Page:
Home Arts Italy asks for the return of seven works possibly looted from the Louvre

Italy asks for the return of seven works possibly looted from the Louvre

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Italy is seeking the return of seven ancient works held by the Louvre that were allegedly looted, including a 5th-century amphora by the so-called Berlin Painter.

Louvre director Laurence des Cars says the work is under investigation, saying The world“I consider that works whose provenance is doubtful are a stain in the collections of the Louvre. It is necessary to examine [these cases] with rigor and lucidity.

In February, Gennaro Sangiuliano, Italy’s culture minister, met with Des Cars to discuss the possible repatriation of the disputed works. Meanwhile, last September, Luigi La Rocca, Director General of Archeology at the Italian Ministry of Culture, presented a list of works from the Louvre collection sought by Italy, including the krater by the painter of Antimenes and a head of Heracles from the ancient Etruscan city of Cervetéri. Des Cars says: “We will enter a new phase this fall, at the end of which we will recommend a position [on the contested works] at the Ministry of Culture.

The world reports that some of the works, acquired between 1982 and 1998, may be linked to convicted antiquities dealers Giacomo Medici and Gianfranco Becchina. In 1995, a treasure trove of Polaroids, documents and antiquities that had passed through the hands of the Medici were discovered in a free port in Geneva, seized by Italian police and presented as evidence in a high-profile looting case in Italy in 2005 Becchina’s photographic archives have been seized. by Swiss authorities in 2001 and handed over to Italy’s main police force, the Carabinieri.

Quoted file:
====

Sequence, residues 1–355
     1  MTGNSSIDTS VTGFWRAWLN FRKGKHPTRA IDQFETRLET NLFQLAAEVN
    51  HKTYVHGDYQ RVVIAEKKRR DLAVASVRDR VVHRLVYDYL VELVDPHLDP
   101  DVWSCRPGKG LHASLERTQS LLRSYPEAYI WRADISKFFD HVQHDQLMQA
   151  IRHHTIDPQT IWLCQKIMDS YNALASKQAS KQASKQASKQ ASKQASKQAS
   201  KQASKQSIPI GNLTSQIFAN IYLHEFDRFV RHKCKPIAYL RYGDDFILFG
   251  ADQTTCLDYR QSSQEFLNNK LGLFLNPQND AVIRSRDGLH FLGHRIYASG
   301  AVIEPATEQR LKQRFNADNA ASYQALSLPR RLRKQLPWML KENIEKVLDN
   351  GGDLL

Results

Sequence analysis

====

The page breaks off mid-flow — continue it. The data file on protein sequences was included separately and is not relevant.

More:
Four pieces from the Louvre collection have been identified by Maurizio Pellegrini and Daniela Rizzo, archaeologists retired from the Italian Ministry of Culture five years ago. These specialists combed through Becchina’s archives and discovered that the Louvre had purchased the krater from the “Painter of Antimenes” for $290,000 from the dealer in 1987.

Another expert who has followed the works of the Louvre is Christos Tsirogiannis – head of research on illicit antiquities (UNESCO chair), Ionian University, Greece – who spotted the amphora of the “Berlin painter” in the Medici archives. The work, which once belonged to oil magnates Nelson and William Hunt, was purchased by the Louvre at an auction in London in 1994.

Tsirogiannis wrote to Cécile Giroire, the director of the Greek, Etruscan and Roman department of the Louvre, earlier this year, asking her to support her application for a grant from the European Research Council (ERC) which would allow her to verify more than 50 000 images of works confiscated from antiquities traffickers. The ERC, however, rejected his candidacy.

“I wrote to Giroire in January, offering to cooperate in the search for the Louvre’s collection of antiquities [in relation to] confiscated drug dealer records; my goal was to research the trafficking networks that supplied the Louvre and other museums across Europe with illicit antiquities. I offered my cooperation for free, subject to a successful application to the European Research Council,” Tsirogiannis said. The Arts Journal. The Louvre had not responded to a request for further comment at the time of writing.

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